Later cases of censorship came up. As a finalist of Telefonica Visual Arts Contest I had the right, according to the contest rules, to exhibit a series of works at the institutional headquarters of Telefonica. There had already been manifestation of workers massive layoffs, so I contacted the workers union and in a painting exposed documents with their claims and complaints, in another picture I painted the Cardinal of the Catholic Church Juan Luis Cipriani crossed out by a Picachu. I was dis-qualified and the news was covered by political TV programs at the moment, so I was accused of being “figuretti” (*someone that wants to call attention at the public sphere) on one hand, and extremist on the other hand. (
Similar reactions were repeated shortly after, when the Peruvian-Japanese Cultural Center banned the piece “Kimono, to not forget” to get exhibited in “Ways to dress up a Kimono”. Since most of the public attending that gallery was basically a collectivity of japanese-descendants in Peru, my Kimono revealed the silent complicity of the Nikkei institutionality with the crimes of the fujimorist dictatorship. The censorship from the direction of the Cultural Center took place in spite of the fact that the curator of the exhibition was willing to exhibit the piece. “Kimono, to not forget” was banned back again in an exhibition some years later in the Cultural Center Cafae-Se. (
As some spaces are closed since my artwork turns out to be uncomfortable to them, other spaces start to open. I was lucky to get invited to different activities and get to know a lot of worthy people during that journey, it is impossible to name each one of them. I started out to participate and exhibit in different alternative festivals, universities, high-schools, events of memory and human rights, etc. The First Festival Art Without Enchainings, the Forum of Culture of Solidarity, the muralist actions, activities of El Averno Cultural Center, the Itinerant Museum of Art for Memory, are some experiences that I think are important to mention.
4.- Motor and Motive (*cumbia popular song )
“Live life and do not let life live on you” Susy Díaz
Something beautiful that has been taking place during the last years is that I was able to travel both inside the country and abroad, participate and exhibit in different artistic and academic spaces, official and alternative. Really beautiful experiences with people in Ayacucho, Huancavelica, Tambogrande, Huaraz, Chiclayo, Arequipa, Cusco, Trujillo, taking part of the dynamics of the Social Forums (Social Forum of the Americas in Quito, World Social Forum in Porto Alegre, World Social Forum in Caracas), giving workshops at the Peace Boat ( being an invited professor of the program “Arts of Politics: the Cultural Politics of Contemporary Peru” of the University of Washington, and in many other experiences, always looking forward to building spaces collectively for reflection and critic dialog starting out by what we do.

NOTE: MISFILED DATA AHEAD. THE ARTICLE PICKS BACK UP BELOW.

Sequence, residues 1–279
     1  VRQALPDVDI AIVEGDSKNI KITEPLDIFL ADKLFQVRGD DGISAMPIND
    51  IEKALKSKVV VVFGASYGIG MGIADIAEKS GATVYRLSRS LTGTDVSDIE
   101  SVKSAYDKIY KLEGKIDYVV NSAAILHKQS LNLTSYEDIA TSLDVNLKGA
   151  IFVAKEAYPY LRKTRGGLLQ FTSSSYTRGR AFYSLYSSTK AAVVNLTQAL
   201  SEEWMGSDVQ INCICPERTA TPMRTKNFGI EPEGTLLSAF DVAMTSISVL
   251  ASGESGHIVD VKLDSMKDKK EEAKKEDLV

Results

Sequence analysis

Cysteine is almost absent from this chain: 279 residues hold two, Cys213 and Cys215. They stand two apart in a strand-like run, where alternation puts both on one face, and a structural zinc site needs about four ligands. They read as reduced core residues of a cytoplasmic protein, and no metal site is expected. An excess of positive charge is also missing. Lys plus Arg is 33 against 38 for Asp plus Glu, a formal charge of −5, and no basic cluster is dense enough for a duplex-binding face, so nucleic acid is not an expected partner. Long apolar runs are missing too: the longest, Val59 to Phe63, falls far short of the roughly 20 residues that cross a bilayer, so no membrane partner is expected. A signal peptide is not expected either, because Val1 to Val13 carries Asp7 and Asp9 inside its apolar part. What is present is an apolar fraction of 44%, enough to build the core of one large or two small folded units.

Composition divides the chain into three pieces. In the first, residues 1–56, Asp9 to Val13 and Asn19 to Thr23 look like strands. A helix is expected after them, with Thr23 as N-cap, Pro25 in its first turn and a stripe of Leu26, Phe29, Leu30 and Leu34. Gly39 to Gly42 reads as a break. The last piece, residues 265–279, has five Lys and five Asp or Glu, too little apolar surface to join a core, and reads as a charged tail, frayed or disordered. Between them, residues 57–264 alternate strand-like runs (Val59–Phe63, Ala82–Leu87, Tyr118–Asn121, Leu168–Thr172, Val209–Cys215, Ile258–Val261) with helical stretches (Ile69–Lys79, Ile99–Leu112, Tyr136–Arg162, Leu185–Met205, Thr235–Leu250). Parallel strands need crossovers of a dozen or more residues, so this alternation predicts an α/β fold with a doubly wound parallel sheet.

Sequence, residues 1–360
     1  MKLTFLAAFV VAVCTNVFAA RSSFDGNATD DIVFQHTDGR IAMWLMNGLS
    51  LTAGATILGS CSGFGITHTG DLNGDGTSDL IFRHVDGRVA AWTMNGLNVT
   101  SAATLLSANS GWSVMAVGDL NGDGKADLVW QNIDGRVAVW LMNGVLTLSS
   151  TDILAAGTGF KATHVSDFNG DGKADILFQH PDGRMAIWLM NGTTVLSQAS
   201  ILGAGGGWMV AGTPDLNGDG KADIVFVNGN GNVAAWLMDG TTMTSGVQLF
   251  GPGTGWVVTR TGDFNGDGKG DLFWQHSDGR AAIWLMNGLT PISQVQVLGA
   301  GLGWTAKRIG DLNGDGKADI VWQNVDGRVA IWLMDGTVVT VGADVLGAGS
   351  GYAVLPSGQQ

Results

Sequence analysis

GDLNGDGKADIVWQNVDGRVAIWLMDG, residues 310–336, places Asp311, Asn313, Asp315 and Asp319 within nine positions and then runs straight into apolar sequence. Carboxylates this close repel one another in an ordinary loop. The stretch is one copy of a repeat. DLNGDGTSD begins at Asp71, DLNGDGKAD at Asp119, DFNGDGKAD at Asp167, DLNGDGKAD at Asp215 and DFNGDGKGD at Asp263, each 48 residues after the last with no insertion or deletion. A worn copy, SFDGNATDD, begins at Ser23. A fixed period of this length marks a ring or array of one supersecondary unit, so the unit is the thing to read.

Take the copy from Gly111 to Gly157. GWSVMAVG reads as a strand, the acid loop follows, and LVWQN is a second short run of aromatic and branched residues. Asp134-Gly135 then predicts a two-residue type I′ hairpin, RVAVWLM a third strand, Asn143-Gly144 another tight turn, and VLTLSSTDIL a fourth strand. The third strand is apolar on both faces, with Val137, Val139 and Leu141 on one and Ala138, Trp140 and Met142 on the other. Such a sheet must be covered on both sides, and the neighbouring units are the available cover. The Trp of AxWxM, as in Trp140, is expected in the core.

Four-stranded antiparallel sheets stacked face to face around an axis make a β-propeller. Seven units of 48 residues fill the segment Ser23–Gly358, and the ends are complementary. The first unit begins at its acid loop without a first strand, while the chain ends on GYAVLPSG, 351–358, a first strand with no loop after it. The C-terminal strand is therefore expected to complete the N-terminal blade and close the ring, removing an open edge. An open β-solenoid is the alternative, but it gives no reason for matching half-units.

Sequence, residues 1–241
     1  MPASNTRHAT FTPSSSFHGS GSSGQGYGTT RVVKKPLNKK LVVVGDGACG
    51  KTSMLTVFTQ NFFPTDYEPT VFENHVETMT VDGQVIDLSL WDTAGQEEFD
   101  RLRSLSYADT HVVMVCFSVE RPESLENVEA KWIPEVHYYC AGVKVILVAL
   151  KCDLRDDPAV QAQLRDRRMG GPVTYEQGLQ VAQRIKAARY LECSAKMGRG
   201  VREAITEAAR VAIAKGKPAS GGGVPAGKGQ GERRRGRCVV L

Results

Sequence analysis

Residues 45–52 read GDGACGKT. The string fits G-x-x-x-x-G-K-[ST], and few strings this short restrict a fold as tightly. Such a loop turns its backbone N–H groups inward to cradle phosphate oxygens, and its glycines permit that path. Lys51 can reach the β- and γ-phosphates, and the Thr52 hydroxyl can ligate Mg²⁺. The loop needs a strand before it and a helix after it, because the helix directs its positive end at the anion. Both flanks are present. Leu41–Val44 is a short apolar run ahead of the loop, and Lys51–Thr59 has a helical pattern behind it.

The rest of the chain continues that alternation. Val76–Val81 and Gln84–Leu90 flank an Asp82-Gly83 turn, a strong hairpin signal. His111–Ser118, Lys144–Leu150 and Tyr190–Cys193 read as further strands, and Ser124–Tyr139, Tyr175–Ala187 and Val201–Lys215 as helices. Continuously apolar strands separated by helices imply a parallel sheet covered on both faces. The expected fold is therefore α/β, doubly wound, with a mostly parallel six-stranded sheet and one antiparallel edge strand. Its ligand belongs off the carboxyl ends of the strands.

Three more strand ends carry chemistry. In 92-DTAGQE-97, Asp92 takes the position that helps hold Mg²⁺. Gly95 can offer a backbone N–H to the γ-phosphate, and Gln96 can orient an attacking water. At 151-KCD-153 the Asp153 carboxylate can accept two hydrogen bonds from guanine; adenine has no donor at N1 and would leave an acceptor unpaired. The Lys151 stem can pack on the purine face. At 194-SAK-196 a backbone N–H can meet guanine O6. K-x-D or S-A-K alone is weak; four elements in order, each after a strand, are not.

For instance, with the Itinerant Art Museum for the Memory ( we have travelled along most places in Peru, showing different artistic proposals that deal with political violence and human rights related themes in our country. While staying in Huancavelica most women approached us and asked why among the photos of the deads and disappeared ones did not appear the ones of their sons or husbands….I had to explain to one of them that it was impossible to place a picture of each one of the victims murdered or disappeared during 20 years of armed conflict, but if she had made a criminal complaint, the name of her son was included in the registrations, to which she answered: “No young man, how can we make a complaint if we are poor”.
With the Muralist Brigade () we have painted nearly 70 murals in different parts of the country and with different collectivities, most of them groups of young people. The Forum of Culture of Solidarity of Villa El Salvador ( is a space of formation, a crossroads for dialog of the ones that make efforts in order to build a different culture based on solidarity, justice and equality. The Cultural Center El Averno after 13 years of existence is still an example of self-organized work, sustainable for the development of the community and promotion of cultural diversity.
Well, that is the point. There are always moments when we lose sense of things, but I often feel-think that there is not a more beautiful way of living than to live fighting for what you believe, together with the ones you love. It is all about betting on something and finding beauty in that betting. It has nothing to do with an epic nor heroic deed, but with vital processes full of contradictions: joy and sadness, hope and despair, victories and defeats, virtues and meanness, love and lack of affection. I hope that these paragraphs make it easy for the spectator approach my artwork and everything that is behind. I hope you like my paintings, they are made with affection . Byeeeeeee.
May of 2005- last review march 2012
(*) translated by javi Vargas